How Gen Z Communication Styles Have Changed During COVID-19

Though 2020 was a difficult year, it has certainly allowed us to better understand the world we live in and the people we share it with. With the COVID-19 outbreak allowing only limited face-to-face interactions, our dependence on digital platforms for communication rose exponentially. Companies were forced to adopt digital transformation strategies in order to recapture their audiences’ attention. Consequently, these organizations have been presented with an opportunity to better connect with the digital natives themselves, Gen Z. 

Gen Z has never known a world without the internet. They were born just as the world’s tech giants really began to gain traction, between 1997 and 2012. For them, shopping online, sending emails, and posting pictures on Instagram are just normal occurrences in their everyday lives. For them, the digital realm and the physical realm are one and the same. Even so, the social restrictions of the pandemic have had a major impact on the way Gen Z communicates over social media platforms, fueling their appetite for positive and uplifting entertainment, their desire to create their own content, and their need to stay connected with others. 

Perhaps the most drastic change in social media behavior has been over TikTok, the app that allows users to generate short videos on any topic. Initially, the main allure of the app was its entertainment value and its ability to serve as a creative outlet. During the COVID-19 stay-at-home order, when morale was low and boredom was high, people found themselves turning to this app more and more. TikTok saw a 576% increase in average monthly visits between 2019 and 2020 (1). As the popularity of the platform grew, people began to rely on the app for shopping inspiration, and it is easy to see why. The algorithm suggests recommendations based on users’ activities and preferences, thereby cultivating a much more personalized shopping experience. Additionally, the circulation of hashtags to create “TikTok communities” simultaneously allows users’ to identify with people of similar interests and also serves as a niche campaigning strategy.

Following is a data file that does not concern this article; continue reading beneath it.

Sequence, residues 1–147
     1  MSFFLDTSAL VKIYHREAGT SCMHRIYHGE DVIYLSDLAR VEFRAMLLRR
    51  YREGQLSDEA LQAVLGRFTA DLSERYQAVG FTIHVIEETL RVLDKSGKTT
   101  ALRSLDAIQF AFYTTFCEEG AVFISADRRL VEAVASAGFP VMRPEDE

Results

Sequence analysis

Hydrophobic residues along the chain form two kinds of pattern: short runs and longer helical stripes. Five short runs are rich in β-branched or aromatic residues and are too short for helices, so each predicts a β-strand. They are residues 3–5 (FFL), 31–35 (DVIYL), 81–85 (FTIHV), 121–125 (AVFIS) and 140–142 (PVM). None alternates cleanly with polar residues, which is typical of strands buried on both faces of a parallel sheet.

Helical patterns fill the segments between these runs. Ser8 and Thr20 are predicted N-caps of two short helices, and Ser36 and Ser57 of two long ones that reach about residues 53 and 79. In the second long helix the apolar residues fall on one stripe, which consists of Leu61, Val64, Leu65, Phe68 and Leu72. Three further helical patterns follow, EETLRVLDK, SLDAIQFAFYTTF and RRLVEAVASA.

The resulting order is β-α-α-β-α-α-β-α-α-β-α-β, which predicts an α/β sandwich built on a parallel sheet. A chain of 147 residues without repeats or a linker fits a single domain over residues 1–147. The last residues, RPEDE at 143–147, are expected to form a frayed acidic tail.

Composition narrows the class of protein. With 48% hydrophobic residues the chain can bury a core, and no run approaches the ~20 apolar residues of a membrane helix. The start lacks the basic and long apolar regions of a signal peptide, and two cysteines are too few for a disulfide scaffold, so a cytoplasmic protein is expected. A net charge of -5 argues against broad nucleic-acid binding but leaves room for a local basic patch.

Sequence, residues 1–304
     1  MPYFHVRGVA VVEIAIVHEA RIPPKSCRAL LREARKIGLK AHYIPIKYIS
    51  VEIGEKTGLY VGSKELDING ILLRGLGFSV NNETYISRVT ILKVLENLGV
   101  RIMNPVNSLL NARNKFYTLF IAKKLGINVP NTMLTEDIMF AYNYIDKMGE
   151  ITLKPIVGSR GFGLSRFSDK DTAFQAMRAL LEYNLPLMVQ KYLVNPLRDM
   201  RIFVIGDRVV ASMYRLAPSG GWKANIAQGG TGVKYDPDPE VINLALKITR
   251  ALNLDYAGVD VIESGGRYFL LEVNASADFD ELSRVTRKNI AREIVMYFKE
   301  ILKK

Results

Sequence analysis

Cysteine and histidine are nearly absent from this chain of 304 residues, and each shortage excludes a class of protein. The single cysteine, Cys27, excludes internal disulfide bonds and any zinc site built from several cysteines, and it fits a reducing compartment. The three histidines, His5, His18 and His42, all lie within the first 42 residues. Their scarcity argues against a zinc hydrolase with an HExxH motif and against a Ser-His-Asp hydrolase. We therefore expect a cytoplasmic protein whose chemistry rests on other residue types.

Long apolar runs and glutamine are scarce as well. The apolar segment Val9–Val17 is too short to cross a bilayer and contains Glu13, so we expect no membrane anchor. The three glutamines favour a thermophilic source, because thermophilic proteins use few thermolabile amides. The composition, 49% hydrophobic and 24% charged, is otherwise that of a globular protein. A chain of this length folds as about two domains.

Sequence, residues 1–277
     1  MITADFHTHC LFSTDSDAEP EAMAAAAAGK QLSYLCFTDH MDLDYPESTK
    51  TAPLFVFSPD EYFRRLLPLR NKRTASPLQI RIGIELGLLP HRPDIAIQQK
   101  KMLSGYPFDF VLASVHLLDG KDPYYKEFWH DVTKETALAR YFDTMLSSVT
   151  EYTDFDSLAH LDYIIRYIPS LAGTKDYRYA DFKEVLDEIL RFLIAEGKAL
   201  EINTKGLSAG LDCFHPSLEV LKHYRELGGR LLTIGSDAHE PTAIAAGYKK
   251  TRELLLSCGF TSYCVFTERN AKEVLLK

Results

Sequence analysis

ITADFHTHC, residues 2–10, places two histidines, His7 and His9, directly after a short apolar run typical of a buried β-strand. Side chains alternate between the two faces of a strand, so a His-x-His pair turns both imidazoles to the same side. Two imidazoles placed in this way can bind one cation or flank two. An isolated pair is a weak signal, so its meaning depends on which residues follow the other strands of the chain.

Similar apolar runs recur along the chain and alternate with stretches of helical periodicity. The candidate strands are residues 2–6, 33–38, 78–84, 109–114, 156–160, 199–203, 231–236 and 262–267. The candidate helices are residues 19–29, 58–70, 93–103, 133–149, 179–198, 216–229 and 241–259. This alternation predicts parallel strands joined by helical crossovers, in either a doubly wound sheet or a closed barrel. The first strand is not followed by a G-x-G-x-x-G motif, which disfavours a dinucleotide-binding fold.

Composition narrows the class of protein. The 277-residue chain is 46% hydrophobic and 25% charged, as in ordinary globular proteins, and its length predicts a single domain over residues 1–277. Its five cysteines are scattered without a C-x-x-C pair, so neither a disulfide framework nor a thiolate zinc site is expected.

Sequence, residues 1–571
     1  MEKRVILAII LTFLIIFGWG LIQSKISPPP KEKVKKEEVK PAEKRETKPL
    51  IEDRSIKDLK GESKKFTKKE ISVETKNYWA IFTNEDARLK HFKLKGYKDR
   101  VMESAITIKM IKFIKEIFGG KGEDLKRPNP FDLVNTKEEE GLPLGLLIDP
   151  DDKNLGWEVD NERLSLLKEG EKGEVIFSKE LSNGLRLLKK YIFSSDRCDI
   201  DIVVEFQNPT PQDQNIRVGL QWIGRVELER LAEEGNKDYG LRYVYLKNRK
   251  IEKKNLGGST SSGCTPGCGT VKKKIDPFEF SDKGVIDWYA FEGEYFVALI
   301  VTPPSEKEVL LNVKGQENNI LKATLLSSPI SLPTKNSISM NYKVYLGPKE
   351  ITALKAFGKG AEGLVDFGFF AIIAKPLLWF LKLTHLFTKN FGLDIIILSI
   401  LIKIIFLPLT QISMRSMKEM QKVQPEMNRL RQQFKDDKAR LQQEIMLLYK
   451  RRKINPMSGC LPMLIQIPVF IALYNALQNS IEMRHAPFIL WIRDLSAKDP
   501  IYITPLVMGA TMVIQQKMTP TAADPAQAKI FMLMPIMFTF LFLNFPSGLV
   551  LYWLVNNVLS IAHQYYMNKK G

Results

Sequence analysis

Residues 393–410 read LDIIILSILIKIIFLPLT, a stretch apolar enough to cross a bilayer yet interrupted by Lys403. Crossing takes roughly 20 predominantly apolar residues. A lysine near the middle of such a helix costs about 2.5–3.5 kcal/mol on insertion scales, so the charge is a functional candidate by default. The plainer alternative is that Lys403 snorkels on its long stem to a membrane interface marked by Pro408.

Snapchat, another popular social media app among Gen Z, has also begun to diversify into various other markets, though the app was originally designed for people to share special moments through pictures. During the peak of the COVID-19 pandemic, Snapchat became one of the closest substitutes for face-to-face interactions. In fact, the company boosted their daily active users by 11 million in the first quarter of 2020, reaching a total of 249 million by the third quarter (2). While people predominantly relied on the app to maintain contact with close friends and family, the company also began to see elevated engagement with the Snapchat AR lenses and Snap Games. More recently, Snapchat has utilized their augmented reality filters to adopt a “Product Experience Lens” which emulates the try-on aspect of shopping experiences. In time, this may encourage consumers to expand their usage of the app to shop for products such as apparel, accessories, and even cosmetics.